The culprit here is, that every TCP connect is recorded in the daemon logs. Even scans, which often should be stealth. That is because, from the application point of view, the scan probe is legitimate connection. It allows system administrators to easily detect the scan.
nmap -sS <targets>
To mitigate possibility of being detected (in the case of 3-way handshake), there is more stealthy solution, called
During a SYN scan, the scanner does not perform a full handshake. It just sends a
SYN packet and analyzes the response coming from the target machine.
- if it receives a
RSTpacket, then port is closed.
- if it receives an
ACKpacket, then port is open. After marking the port as open, the scanner sends a
RSTpacket to the target host to stop the handshake.
As there is no full connection to the destination daemon, a
SYN scan cannot be detected by looking at daemon logs.
It is important to remember, that even
TCP-SYN scan can be detected with well-configured IDS (Intrusion Detection System).
Version detection scan
namp -sV <targets>
This scan is recorded in logs, however it is very useful. It mixes a TCP connect scan with some probes, which are used to detect what application is listening on a particular port.
Client --- SYN ---> Server Client <- SYN+ACK - Server Client --- ACK ---> Server Client <- Banner -- Server Client -- RST+ACK > Server
If the daemon doesn't send a banner,
nmap sends some probes to understand what the listening application is. It later tries to guess the application based on its behavior.
Network Discovery with port scanning
Sometimes, firewall can block pings. In this kind of scenario, typical usage of
ping is insufficient. Even if host is not responding to
ICMP requests, it oftentimes has some TCP and UDP port opens.
nmap can be forced to scan host which is not responding to
-Pn. The scan for common ports like
80,443 (http/https server),
445 (samba service) or
53 (DNS) can reveal that the host is actually "alive" however not responding to
Large networks very often are protected from intrusion by firewalls. It might be difficult to detect firewall, but based on partial or incomplete results of scan, one can identify, that it could be it.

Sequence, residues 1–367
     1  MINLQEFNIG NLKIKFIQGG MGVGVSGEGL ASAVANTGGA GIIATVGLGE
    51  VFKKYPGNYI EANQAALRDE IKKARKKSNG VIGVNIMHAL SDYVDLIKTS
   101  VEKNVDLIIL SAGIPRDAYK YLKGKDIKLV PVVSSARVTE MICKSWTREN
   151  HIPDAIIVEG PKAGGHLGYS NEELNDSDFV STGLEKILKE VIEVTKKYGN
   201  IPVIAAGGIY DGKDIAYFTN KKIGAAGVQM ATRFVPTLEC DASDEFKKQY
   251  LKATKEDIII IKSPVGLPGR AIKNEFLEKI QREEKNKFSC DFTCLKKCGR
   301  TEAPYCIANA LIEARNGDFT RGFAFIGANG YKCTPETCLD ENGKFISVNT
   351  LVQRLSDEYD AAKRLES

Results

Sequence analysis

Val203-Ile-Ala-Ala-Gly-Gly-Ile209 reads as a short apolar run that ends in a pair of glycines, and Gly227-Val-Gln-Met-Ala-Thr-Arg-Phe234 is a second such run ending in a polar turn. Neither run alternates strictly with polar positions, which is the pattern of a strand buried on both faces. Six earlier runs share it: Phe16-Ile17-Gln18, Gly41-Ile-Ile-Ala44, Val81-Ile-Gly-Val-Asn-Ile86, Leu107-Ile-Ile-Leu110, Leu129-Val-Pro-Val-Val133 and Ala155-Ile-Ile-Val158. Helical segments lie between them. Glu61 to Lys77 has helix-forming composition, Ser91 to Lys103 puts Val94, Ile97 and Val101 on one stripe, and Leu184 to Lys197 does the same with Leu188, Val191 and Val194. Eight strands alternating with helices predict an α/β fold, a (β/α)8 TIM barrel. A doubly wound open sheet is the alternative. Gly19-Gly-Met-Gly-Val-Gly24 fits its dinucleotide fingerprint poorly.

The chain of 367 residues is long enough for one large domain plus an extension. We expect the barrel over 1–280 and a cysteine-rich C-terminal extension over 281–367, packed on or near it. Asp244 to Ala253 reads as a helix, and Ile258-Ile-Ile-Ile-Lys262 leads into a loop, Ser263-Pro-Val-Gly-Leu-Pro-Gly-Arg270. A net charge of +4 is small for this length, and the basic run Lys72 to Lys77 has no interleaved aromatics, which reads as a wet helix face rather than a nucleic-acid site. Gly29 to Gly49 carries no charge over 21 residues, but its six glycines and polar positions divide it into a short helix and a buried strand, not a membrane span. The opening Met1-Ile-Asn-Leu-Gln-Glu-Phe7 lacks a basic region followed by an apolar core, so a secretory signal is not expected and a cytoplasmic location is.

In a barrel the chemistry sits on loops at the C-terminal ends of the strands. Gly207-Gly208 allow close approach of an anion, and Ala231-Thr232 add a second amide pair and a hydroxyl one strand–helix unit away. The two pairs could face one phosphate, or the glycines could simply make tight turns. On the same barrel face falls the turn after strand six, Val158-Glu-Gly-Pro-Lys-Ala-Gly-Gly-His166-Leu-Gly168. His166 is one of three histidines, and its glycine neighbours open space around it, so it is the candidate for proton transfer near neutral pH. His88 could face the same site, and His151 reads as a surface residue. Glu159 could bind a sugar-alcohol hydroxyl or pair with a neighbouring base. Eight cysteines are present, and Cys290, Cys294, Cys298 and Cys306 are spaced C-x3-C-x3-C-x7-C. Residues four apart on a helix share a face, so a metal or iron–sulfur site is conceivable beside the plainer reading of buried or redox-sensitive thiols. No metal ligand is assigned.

nmap scan with fingerprinting
-sV should not have any problems to return full information. Sometimes, however, default information about
VERSION could be not present or unrecognized (
tcpwrapped means that TCP handshake was completed, but the remote host closed the connection without receiving any data).
To try and see what happened, you might want to use nmap with
--reason that will show an explanation of why a port is marked open or closed.
Masscan was designed to deal with large networks and to scan thousands of IP addresses at once. It is similar to nmap but a lot faster.
Vulnerability assessment is a scan of the vulnerabilities found on networks and applications. It is faseter and lighter on the infrastructure. As opposed to a penetration test, during a vulnerability assessment, you don't proceed to the exploitation phase. It means, that after discovering vulnerability, you won't be able to confirm it by testing and giving a proof of exploitation.
Scanners perform their probes on:
- daemons listening on TCP and UDP ports
- configuration files of operating systems, software suites, network devices, etc.
- windows registry entries.
The purpose is to find vulnerabilities and misconfigurations. The better and more up-to-date database of vulnerabilities, the better result of scan.
However, in a case of custom application, a vulnerability scanner may not be enough. In that case, manual test needs to be performed.